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COMPLEXITY Using Complex Warm-Ups to Jump Start Your Athlete’s Workoutby: Mark Hoover
Strength and Conditioning Coach • Piedmont High School (NC)
© August/September 2012
All high school strength and conditioning coaches are looking for that “magic bullet” or the one thing that will help their student-athletes make incredible jumps in explosive power. Having your athletes perform “complex” warm-ups will help them achieve that goal. A “complex” warm-up is a series of 6-10 exercises, done for a set number of reps, in consecutive order, without resting or changing weights for the entire set.
When we started using complexes, I began to see many benefits. Our form and technique on all Olympic lifts improved and our intensity increased as we no longer needed the “crutch” of the “warm-up” weight which brought down our work production. We saw an increase in the explosiveness of our movements and, as an added benefit, our athletes’ body-fat percentages began to decrease. Simply stated, adding complexes has dramatically increased our overall efficiency. This, in turn, equates to stronger, faster and more explosive players on the field.
Strength training is much like any other sport in that most coaches take what they see other people doing and tailor those ideas to fit their needs. While attending the 2009 National Strength and Conditioning Association Clinic at Wake Forest University, I heard Istvan Javorek, former Olympic coach and trainer, speak and demonstrate the use of complexes, which are a major part of his program. Being a “borrower” of great ideas, I decided to incorporate them into our training. The results were outstanding.
I started to put together my own version of the complex warm-ups based on what Coach Javorek had outlined. I then looked at what specific exercises and techniques I felt we needed the most work on and decided how best to incorporate them into what we were doing.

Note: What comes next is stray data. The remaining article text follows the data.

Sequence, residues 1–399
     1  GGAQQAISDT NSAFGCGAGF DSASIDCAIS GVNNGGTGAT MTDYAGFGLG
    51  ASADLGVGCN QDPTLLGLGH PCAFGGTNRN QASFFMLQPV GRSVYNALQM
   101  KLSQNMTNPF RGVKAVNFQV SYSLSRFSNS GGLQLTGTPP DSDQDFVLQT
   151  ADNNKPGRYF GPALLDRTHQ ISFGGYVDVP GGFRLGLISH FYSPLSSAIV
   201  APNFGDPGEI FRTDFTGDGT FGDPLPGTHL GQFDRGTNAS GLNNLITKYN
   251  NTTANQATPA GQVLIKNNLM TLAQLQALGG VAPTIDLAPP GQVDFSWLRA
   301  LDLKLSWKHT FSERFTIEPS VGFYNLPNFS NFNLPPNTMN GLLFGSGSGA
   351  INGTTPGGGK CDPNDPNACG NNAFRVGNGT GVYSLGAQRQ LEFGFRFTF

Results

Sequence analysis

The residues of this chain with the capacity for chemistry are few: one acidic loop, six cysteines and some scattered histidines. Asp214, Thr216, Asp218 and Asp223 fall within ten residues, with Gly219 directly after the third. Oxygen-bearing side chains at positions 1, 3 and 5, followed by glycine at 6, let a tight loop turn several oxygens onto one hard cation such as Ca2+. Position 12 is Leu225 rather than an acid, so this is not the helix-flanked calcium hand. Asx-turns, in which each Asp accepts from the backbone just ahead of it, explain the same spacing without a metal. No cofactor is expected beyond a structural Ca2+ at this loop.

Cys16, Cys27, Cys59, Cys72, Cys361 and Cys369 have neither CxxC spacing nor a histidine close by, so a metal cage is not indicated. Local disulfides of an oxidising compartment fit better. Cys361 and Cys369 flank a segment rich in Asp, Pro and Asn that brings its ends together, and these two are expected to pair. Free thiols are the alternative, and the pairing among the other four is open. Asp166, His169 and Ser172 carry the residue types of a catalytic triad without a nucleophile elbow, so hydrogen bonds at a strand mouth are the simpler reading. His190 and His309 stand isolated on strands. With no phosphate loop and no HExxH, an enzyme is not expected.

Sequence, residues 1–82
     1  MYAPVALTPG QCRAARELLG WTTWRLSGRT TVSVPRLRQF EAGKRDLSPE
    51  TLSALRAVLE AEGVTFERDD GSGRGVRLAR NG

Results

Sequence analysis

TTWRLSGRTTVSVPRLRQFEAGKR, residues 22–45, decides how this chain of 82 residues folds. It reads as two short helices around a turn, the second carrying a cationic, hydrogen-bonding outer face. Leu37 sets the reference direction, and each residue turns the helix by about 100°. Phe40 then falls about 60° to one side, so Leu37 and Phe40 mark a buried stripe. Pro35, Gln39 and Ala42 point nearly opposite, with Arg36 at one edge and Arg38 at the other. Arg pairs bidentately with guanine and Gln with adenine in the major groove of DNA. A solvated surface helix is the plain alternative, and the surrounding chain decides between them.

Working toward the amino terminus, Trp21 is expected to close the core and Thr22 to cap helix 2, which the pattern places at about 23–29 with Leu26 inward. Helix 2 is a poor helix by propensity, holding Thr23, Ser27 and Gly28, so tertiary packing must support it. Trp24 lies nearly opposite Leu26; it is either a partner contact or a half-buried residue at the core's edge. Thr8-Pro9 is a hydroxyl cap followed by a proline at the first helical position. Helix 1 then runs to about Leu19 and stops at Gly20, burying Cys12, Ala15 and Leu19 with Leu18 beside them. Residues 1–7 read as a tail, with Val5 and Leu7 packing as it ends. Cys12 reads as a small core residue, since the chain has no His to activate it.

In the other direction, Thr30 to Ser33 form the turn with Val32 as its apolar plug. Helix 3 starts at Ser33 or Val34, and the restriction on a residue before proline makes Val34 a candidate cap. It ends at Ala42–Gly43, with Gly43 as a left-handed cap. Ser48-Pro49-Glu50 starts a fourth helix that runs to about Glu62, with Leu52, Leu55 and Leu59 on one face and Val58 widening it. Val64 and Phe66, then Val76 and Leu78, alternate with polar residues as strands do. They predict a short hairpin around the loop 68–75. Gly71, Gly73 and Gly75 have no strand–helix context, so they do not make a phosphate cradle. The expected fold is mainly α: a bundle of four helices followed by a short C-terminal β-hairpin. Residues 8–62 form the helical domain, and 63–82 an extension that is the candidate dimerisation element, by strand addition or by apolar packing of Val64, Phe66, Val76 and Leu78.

Since our time was limited, I narrowed our complexes down to a total of five. Three barbell complexes, one dumbbell complex and one focused on squatting movements (See Chart).
The next step was assigning the criteria for what weight to use. If left on their own, players will go in one of two directions - way too light or way too heavy. We decided to use the scientific terminology of “heavy enough to make you sweat, light enough for you to complete without approaching muscle failure”. Unfortunately, that was obviously a terrible coaching point, along the lines of telling an offensive lineman to “just block him” and it confused the athletes.
After a little more research on what other coaches were doing, we decided to base the percentage of the exercise within the complex that would be the most difficult weight-wise. In four of the five we had some sort of row built in. Therefore, we decided to set the standard percentage at 40% of their estimated upright row max. Not an exact science, but it ended up being just what we were looking for. For the squat complex, we allowed our athletes to go as high as 135 pounds. The rep range was varied. We stuck within the 3-5 rep range depending on the workout scheduled that day. The exception was the squat complex where we took it up a notch and went 8-10 reps per exercise.
We had each athlete go through the set as quickly as possible. One person from each group would be responsible for calling out the order of lifting so the working athlete did not have to stop and look. At first, we spent about ten minutes going through a group of four. Once we got into the routine, we would end up using about six total minutes. My belief and the core philosophy of density training is to condense more production into less time. Be as efficient as possible at all times. This routine was the best use of six minutes a strength coach could ever want.
While many coaches use complex routines as a part of the main workout, we decided to stick with them as part of our warm-up. We look at it as taking steps in intensity to build up toward a heavy-duty training session. We use the complexes on a rotating basis on each of the three lifting days per week. I believe it gets the athletes’ motor running a little harder than simply going through a dynamic warm-up routine. If we look at the session as a four course meal, the dynamic work is the first light course, followed by a bit heavier second course of a complex. The main dish is the density training workout. We wrap it up with the dessert of tumbling on the mats to cool down.
The use of the complex as part of our routine has, without a doubt, helped to increase our student-athletes productivity on the field and in the weight room.
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